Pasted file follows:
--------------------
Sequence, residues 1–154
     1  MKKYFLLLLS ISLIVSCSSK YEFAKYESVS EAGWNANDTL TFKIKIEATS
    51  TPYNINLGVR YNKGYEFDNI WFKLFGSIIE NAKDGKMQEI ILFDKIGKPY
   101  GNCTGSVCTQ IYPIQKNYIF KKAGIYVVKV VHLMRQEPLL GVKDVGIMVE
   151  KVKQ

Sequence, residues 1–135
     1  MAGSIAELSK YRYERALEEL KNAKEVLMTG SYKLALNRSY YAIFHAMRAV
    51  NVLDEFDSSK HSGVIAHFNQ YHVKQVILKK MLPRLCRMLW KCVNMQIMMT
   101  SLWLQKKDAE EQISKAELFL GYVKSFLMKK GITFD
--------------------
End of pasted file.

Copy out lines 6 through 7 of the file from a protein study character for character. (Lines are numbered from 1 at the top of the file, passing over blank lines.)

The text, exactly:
Sequence, residues 1–135
     1  MAGSIAELSK YRYERALEEL KNAKEVLMTG SYKLALNRSY YAIFHAMRAV